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There were horror stories about Filipino women being bundled up in the middle night and summarily brought on their flight back to Manila. A campaign was needed for Filipinos, that would work together with sympathetic MPs, trade unions and NGOs to make the community and their problems visible.

In a huge meeting held in the Filipino Chaplaincy in Kensington, my late husband, Alberto A. Pedrosa was elected chairman of the Pagkakaisa ng Samahang Pilipino that would spearhead the campaign. It meant going from hospitals and hotels, (I counted more than 200) to make Filipinos aware of the problem. As my husband would say in the meetings, “there are groups who want to help but where are the Filipinos?” In time we were able to convince Filipinos to join a protest with trade unions’ support marching in the streets of London. The High Court later ruled that immigrants could not be removed without a court order.

Margaret Thatcher may have been a great leader to the British but not to Filipino migrant workers in those years in the UK.

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While Filipino opposition against martial law in the US was focused on Marcos’ dictatorship, we worked on politicizing the workers to be aware of their political rights as immigrants in London and as citizens of the Philippines.

Filipinos in London were generally apolitical. They could not relate their economic exile with bad governance in Manila. It was a real education for me, too. Like most educated middle class Filipinos we were aware of the great divide between the rich and the poor in our society. We accepted it as we did the landscape. Middle class interests depended on the prosperity and power of the oligarchs and plutocrats. So the rhetoric of protesters and oppositionists adopted against Marcos’s martial law government borrowed from Marxist concepts. This was true of the opposition in Manila as it was in London.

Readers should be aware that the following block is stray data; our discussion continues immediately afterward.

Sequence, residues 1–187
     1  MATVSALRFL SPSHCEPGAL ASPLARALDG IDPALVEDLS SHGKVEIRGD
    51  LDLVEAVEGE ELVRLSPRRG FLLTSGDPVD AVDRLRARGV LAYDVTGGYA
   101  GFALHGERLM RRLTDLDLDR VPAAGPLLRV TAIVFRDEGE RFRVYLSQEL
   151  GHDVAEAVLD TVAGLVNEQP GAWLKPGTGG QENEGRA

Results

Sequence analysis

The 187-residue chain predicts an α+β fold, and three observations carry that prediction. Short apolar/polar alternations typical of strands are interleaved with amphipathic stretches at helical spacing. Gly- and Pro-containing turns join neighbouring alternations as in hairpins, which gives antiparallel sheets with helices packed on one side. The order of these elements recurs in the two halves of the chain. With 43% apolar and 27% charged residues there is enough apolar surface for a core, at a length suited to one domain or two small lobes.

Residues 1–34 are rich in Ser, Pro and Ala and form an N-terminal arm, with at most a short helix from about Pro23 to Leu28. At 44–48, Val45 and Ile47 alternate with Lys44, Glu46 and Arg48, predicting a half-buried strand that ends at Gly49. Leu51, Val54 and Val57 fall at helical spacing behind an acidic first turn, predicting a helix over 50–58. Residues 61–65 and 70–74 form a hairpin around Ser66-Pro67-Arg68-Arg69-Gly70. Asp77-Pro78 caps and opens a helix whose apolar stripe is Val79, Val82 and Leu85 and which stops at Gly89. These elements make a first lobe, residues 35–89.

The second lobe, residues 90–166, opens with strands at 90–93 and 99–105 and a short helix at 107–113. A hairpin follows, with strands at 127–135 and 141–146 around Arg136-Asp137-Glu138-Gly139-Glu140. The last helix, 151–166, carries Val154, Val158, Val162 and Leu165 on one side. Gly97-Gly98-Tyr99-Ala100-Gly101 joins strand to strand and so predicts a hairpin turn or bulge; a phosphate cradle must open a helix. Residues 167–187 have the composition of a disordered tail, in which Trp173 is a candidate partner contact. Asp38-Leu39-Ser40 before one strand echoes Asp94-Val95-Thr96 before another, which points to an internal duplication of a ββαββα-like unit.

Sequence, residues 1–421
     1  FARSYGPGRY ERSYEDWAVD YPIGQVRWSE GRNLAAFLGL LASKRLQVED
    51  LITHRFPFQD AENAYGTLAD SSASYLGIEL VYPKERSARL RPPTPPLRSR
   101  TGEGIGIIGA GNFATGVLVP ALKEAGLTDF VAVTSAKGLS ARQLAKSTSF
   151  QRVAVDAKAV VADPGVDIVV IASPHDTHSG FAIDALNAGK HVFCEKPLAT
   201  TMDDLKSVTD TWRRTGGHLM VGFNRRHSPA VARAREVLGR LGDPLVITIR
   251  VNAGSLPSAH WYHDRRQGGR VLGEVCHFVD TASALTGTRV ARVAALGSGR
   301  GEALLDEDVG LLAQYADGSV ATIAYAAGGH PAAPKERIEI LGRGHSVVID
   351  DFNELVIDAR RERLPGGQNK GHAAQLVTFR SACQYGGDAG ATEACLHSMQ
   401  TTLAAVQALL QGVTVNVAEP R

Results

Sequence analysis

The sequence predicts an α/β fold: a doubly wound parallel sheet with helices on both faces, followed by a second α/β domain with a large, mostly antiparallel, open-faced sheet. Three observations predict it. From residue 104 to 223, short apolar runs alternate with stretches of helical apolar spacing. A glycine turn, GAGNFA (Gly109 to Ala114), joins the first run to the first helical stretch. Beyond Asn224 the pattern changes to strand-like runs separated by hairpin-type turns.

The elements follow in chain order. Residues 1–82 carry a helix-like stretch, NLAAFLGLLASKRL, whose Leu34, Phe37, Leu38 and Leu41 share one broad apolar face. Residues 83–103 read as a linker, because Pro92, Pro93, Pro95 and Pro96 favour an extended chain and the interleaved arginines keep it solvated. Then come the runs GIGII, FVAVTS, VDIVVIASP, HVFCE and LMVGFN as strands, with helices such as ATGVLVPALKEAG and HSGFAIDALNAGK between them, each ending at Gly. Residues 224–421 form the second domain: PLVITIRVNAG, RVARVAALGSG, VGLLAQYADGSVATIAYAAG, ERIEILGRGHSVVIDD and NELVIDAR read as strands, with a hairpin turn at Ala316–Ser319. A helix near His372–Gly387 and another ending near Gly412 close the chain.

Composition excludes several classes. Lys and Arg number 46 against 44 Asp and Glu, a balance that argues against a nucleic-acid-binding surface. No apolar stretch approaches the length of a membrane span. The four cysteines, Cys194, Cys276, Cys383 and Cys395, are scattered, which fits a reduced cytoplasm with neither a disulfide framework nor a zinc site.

In the campaign for the reconciliation of families, Pagkakaisa ng Samahang Pilipino, fought for gender equality. Under UK immigration law men could petition for their wives but women could not.

Pagkakaisa rallied Filipinos to question the UK immigration law. We were able to bring the case of Ruben Lapinid who was being denied entry on his wife’s petition all the way up to the Commission of Human Rights in Strasbourg in November 1982. We won the case and from then on Filipino women could petition for their husbands. I mention this case because it was extraordinary how the women responded to the victory.

I went with them to Strasbourg when the women were summoned by the court to be present at the hearing. They were thrilled about sitting in court pleading their case with distinguished-looking European judges dressed in their black robes. To the Filipino women workers it was an unforgettable lesson on the rule of law and their power to fight for their rights.

They wrote home about their experience in Strasbourg. When 1986 came, they launched a signature campaign to petition the new government to assign my husband as the Philippine Ambassador to the Court of St. James. Thousands of signatures were gathered and they were able to speak to Cardinal Sin who visited London after the February Revolution.